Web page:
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What a ZEV mandate means for Canada’s charging infrastructure

Publicly accessible charging infrastructure for electric vehicles is going to need to grow more than seven-fold by 2030.

To reduce carbon emissions from Canada’s transportation sector, the federal government’s newly introduced zero-emissions vehicles sales mandate requires that all new light-duty vehicles sold in Canada be electric by 2035, with interim targets for 2026 and 2030. The certainty these targets provide is exactly what’s needed to kickstart a build-out of charging infrastructure—which we will be explicitly referring to in this insight as publicly accessible chargers outside of residences—that can keep those vehicles humming. But to meet future EV demand, a significant amount of publicly accessible charging infrastructure will need to be built out by 2030. 

Government and businesses are charging ahead 

The good news is, we are already seeing substantial commitments across governments and the private sector towards building the charging infrastructure that will be needed.

Since 2016, the federal government has committed $1.35 billion to build out electric vehicle charging infrastructure, with an objective of adding 85,000 publicly funded chargers to Canada’s network by 2027. Provincial and municipal governments have also established EV charging programs, such as PEI’s Electric Vehicle Charging Funding Program and the City of Toronto’s EV Strategy, which includes pilot projects to install on-street charging stations across the city. Companies are also beginning to make commitments to build out Canada’s charging network. For example, Alimentation Couche-Tard began installing EV charging stations in many of their convenience store locations last year. 

To date, these programs have helped build nearly 20,000 publicly accessible charging ports across Canada, with companies such as ChargePoint, FLO, Circuit Électrique and Tesla paving the way. Using the most recently reported data in 2021 from Statistics Canada, Canada’s network is currently used by 238,581 electric vehicles, which translates to a national average ratio of approximately 13 vehicles per non-residential charger (see Figure 1). 

The optimal EV-to-charger ratio is a bit of a moving target: it can be expected to grow over time. Right now, the challenge for EV drivers isn’t so much the number of cars lined up in front of charging stations; it’s the coverage and accessibility of chargers across long distances. But as more EVs are expected to take to the road and the average distance between chargers falls, current estimates suggest that a ratio of 24 EVs per charger by 2030 will be viable given that Canada can expect widespread reliance on home charging due to our high share of single family dwellings.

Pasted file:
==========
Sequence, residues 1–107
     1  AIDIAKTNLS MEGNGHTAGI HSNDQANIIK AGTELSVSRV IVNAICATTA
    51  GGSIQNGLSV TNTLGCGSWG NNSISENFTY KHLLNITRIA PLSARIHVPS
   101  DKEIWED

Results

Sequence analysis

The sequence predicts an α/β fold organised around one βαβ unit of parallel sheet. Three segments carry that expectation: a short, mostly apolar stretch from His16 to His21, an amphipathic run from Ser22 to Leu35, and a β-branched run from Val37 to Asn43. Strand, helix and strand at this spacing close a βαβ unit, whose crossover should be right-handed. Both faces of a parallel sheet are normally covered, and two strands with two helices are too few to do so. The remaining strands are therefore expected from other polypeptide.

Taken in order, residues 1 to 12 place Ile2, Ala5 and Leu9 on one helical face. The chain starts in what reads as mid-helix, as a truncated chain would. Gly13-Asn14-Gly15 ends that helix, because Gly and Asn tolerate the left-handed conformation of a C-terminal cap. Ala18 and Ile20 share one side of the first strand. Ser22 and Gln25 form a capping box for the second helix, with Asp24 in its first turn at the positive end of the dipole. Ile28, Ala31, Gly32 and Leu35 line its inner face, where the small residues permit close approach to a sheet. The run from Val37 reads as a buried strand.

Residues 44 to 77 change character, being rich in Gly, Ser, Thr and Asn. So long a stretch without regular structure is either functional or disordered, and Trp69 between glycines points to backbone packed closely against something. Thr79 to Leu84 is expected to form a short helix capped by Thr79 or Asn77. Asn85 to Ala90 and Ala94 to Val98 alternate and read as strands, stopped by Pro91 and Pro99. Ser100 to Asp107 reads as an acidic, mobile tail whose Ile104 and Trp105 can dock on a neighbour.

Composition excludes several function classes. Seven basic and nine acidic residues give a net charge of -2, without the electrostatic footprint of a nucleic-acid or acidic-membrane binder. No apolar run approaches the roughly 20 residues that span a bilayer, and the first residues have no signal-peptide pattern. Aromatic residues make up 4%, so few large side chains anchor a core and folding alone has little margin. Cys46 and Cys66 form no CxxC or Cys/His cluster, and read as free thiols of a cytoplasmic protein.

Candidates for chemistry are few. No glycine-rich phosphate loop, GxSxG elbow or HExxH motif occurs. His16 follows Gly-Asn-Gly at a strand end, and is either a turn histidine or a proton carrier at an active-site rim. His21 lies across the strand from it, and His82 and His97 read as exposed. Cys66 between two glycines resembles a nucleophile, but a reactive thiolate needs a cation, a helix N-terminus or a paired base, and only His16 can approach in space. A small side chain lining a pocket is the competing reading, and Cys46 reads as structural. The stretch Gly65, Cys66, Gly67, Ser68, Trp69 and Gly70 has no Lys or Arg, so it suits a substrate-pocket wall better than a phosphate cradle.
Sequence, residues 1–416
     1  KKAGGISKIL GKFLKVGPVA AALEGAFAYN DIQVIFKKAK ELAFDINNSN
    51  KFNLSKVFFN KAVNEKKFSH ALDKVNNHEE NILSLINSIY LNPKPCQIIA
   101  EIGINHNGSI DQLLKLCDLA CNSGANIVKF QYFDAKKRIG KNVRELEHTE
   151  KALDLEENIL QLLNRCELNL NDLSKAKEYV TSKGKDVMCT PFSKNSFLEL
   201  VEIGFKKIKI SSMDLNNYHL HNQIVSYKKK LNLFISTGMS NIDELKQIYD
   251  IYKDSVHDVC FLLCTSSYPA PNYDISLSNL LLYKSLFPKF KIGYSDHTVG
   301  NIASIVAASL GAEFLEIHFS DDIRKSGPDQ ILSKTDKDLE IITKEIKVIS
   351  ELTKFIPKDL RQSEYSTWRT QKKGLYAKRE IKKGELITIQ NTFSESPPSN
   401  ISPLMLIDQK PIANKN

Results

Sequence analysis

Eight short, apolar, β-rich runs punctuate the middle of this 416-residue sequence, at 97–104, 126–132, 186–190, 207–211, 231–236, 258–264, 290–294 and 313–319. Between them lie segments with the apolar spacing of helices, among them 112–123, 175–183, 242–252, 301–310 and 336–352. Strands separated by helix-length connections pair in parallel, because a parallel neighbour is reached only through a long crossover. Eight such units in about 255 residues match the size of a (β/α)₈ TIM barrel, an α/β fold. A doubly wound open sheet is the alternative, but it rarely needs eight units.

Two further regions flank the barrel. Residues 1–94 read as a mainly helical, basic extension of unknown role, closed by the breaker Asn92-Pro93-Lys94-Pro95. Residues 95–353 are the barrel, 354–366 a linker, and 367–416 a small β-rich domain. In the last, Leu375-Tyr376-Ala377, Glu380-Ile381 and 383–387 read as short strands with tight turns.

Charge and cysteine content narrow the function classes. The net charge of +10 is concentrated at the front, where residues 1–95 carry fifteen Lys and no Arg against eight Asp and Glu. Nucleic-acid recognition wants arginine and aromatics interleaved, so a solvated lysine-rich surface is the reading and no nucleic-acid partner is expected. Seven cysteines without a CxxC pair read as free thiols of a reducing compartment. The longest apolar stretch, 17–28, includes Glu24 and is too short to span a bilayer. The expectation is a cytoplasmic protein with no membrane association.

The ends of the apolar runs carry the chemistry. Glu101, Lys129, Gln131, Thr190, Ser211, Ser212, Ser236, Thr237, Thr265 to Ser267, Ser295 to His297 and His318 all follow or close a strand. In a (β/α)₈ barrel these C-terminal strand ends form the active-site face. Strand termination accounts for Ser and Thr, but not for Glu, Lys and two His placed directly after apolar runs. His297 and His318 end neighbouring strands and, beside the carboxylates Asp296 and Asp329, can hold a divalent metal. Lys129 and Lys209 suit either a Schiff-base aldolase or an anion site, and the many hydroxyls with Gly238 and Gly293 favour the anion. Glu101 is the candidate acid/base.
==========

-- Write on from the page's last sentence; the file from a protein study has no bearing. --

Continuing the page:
Figure 1: While Canada’s average EV-per-charger ratio is 13, the accessibility of chargers across the country varies.

Going the extra mile

440 Megatonnes has run some numbers to see whether charger installation growth is on track and how many more chargers will be needed by 2030. We used electric vehicle projections from the announced policies scenario under the 2030 Emissions Reduction Plan, modelled by Navius Research for the Canadian Climate Institute, which factors in the proposed ZEV mandate. We also used EV-to-charger ratios from Dunsky’s high residential charging scenario (20 EVs per charger by 2025, and 24 EVs per charger by 2030), which was modelled specifically for the Canadian context (Figure 2). 

The federal government’s target of installing 85,000 chargers, without factoring in additional commitments from other governments and the private sector, would be on track to meet the demand for chargers under Dunsky’s 20 EVs-per-charger ratio by 2027. However, as EV adoption is expected to exponentially increase by 2030, publicly accessible charging infrastructure will need to grow to at least 150,000 charging ports to meet Dunsky’s ratio of 24 EVs per charging port. Getting to that goal is going to require a significant build-out of charging infrastructure by governments and the private sector. 

Figure 2: The number of publicly accessible charging ports will need to grow significantly to keep up with EV growth.

It’s important to keep in mind that successfully navigating this transition is not just about how many chargers are available, but also where chargers are being installed. A priority should be to ensure equitable access to charging ports. The government can play a larger role in areas where market barriers may prevent private companies from installing chargers. In particular, they can improve access in remote and rural communities as well as in urban spaces that lack access to residential charging, such as high-density residential buildings.

Overall, building out Canada’s publicly accessible charging network to power Canada’s energy transition will require action from all orders of government, as well as businesses. The federal ZEV mandate provides greater clarity on the future demand for charging infrastructure. Now it’s time to step on the accelerator and ensure Canada’s charging infrastructure keeps up—and that it’s available where and when it’s needed.

Arthur Zhang is a research associate with the Canadian Climate Institute and the 440 Megatonnes Initiative.